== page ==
An article I wrote last week 27th June 2014.

As far as property owners are concerned, whether owner-occupiers or landlords, rising property prices are generally considered ‘good’. But the paradox created by rising property prices, for our non-property owning residents, goes to the heart of the matter; the ‘elephant in the room’. It’s a party to which they are not invited.
Everyone wants their property price to go up, whether rental or sale. In Brighton and Hove we have become speculators on a rising market and, over the last ten to fifteen years, we earn more per annum from the rise in the price of our homes than we can earn by putting in a hard day’s work. Commentators say that here in Brighton, property prices are on average eight times local salaries…a scary statistic, unless you own one.

Of course that is the conundrum: we want high prices for our property but we want our sons and daughters to be able to buy or rent a home at a reasonable cost.
With the average age of the local first time buyer moving up into the mid thirties, there are many youngsters still living at home now who would have packed their bags and left a long time ago if only they could afford to.
What does it do to people, outstaying their welcome in the nest, continuing to rely on parents instead of ‘standing on their own two feet’, as people used to say? It’s not their fault but could this be a part of the ‘party while you can’ syndrome? - I don’t have to pay a mortgage and I don’t want to sit at home watching telly with mum and dad, so I’ll go out with my mates…every night. Not the best recipe for a maturing local society. When you do not need to learn to look after yourself and budget as carefully as you would if you were a home owner, might that lead to a lack of maturity and devil may care approach as the city of Brighton and Hove is often caricatured?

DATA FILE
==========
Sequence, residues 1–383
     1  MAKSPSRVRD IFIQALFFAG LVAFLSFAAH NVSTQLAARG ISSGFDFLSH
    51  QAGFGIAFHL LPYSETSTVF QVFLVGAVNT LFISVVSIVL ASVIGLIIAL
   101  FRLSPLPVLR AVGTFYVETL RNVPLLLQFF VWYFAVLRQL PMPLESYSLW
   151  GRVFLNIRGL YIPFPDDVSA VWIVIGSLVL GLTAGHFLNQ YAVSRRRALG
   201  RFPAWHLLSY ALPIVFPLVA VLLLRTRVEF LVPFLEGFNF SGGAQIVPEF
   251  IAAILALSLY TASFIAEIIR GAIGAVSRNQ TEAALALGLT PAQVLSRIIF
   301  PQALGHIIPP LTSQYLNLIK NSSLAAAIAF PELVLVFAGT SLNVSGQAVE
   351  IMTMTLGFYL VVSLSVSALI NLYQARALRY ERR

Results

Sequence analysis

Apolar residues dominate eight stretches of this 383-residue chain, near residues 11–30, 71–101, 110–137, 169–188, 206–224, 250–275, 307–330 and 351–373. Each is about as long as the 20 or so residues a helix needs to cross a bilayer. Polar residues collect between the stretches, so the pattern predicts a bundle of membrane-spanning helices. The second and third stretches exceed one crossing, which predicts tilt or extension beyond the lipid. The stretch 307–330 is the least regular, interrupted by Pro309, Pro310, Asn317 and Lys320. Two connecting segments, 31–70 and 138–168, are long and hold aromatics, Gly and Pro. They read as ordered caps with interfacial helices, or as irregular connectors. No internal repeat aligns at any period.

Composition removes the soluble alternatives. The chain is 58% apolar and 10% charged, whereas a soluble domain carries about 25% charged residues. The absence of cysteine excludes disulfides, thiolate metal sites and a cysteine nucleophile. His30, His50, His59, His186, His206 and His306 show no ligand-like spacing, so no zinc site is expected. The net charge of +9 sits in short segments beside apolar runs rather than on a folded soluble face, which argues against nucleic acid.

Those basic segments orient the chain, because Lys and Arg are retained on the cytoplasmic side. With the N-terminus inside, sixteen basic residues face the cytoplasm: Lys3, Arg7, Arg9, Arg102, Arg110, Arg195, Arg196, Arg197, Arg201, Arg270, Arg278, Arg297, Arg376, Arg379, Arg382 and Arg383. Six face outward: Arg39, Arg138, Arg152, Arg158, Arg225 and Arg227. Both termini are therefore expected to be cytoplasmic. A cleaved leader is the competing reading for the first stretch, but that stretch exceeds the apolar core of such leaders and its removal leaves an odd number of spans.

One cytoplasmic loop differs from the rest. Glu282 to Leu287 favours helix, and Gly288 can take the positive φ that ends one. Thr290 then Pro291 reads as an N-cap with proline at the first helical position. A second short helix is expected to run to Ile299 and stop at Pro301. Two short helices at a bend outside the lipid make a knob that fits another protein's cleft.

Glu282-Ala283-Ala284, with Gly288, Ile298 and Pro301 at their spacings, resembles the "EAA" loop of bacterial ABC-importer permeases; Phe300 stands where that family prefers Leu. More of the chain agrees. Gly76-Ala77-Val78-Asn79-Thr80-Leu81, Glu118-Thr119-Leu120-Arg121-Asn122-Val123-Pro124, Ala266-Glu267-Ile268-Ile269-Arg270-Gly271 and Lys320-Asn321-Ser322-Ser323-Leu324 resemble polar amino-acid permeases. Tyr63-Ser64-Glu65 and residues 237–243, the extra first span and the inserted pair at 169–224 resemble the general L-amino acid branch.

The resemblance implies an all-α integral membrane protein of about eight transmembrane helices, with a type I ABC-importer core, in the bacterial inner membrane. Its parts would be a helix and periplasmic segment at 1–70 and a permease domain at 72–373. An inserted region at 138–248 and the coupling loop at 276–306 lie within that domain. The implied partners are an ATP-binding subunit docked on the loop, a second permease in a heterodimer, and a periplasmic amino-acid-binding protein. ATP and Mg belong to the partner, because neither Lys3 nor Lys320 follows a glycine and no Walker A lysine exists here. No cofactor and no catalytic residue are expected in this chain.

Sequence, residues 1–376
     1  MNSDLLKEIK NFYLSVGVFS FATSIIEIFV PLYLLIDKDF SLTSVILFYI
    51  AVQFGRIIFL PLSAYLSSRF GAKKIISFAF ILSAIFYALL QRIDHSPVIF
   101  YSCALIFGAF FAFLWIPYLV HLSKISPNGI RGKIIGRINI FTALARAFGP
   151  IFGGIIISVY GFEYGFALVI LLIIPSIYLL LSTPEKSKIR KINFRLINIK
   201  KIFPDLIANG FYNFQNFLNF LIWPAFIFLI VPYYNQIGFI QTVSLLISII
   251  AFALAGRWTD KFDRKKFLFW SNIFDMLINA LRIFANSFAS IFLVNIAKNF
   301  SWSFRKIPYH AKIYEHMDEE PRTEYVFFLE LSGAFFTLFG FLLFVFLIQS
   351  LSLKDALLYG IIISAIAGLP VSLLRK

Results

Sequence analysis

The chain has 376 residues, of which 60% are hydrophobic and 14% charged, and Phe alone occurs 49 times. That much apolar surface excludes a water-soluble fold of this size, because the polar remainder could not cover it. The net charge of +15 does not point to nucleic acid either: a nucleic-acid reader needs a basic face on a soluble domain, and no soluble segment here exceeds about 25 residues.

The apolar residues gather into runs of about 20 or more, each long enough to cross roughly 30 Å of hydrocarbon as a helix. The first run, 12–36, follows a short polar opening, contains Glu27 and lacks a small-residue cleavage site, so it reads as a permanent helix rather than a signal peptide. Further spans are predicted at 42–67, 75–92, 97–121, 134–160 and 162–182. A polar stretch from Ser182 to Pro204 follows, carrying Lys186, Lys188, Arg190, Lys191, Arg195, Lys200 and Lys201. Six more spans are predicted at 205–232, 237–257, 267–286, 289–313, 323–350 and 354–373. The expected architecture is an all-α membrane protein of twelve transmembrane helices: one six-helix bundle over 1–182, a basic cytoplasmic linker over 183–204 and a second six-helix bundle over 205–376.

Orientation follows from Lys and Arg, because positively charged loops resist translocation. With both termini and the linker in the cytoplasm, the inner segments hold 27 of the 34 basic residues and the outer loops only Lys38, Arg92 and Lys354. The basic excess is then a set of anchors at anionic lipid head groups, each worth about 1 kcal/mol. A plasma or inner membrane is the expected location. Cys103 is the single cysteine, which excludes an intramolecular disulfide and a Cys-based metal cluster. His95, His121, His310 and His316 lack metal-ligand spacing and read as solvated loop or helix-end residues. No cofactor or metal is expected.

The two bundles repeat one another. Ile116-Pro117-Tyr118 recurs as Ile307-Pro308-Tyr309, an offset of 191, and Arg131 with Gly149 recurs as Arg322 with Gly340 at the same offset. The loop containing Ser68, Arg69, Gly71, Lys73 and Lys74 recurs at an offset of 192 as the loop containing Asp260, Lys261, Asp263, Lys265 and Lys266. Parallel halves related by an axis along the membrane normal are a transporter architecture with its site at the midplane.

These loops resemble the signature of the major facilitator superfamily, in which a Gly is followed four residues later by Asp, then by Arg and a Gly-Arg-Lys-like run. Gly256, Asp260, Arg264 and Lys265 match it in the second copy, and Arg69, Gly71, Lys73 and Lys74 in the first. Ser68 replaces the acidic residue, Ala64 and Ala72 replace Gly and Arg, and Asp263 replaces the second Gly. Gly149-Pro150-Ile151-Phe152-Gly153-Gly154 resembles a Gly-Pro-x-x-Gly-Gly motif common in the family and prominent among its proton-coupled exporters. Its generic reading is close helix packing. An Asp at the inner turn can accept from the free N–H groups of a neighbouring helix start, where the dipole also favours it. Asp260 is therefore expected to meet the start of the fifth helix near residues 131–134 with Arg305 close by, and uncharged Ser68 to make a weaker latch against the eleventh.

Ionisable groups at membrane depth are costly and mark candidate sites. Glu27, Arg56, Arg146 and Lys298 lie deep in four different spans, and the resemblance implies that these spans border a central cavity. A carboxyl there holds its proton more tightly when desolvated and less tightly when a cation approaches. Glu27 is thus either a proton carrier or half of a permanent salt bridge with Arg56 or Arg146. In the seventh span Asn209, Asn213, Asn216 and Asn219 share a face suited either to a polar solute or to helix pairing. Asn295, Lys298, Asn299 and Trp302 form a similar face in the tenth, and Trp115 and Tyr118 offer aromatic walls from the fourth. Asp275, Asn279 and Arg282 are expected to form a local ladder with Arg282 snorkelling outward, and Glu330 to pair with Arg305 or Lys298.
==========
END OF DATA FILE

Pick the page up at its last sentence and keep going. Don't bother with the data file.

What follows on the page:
Amateur psychology aside, the high incidence of binge drinking and other reckless behaviour may be the perfect antidote to being still stuck at home or in shared rentals when you would in fact like ‘a place you can call home’. Perhaps with an ideal tomorrow too illusory, people may give up hope it will happen and so just live for today.
Allied to that is having children later and later: parents want more secure living accommodation than can be achieved on a 6 month Assured Shorthold Tenancy which may or may not be renewed. Landlords’ agendas can be completely out of kilter with tenants’. Back in the day, if you rented, your landlord was likely to want you there for years and years; a professional landlord. Now, it could be someone thinking of selling and waiting for the ‘right time’. Then, you get 2 months notice to quit: not an easy headspace to be in, if you want to start a family. The alternative is buying and, if you want to start a family in your own home, it’s a long time to wait!
As an estate agent, I know I’m only meant to think about the ‘upside’ of rising property prices but, we all as a society need to draw a breath and manage our expectations. You may notice I’ve avoided the word ‘value’, often used by commentators. But the value of a home is more than the price; we all need to move in that direction a bit more.
Property is definitely one of the foundation pillars for a more sound and secure future for our City. If our young people have access to property and so gain willing independence in a stable housing market as buyers or tenants, they can more easily be active shapers of our community not just consumers. For that to happen, we need to start thinking ‘value’ not just ‘price’. Perhaps this is Mark Carney, the Governor of the Bank of England’s message with his remodelling of lending criteria announced in the last 24 hours. We shall see.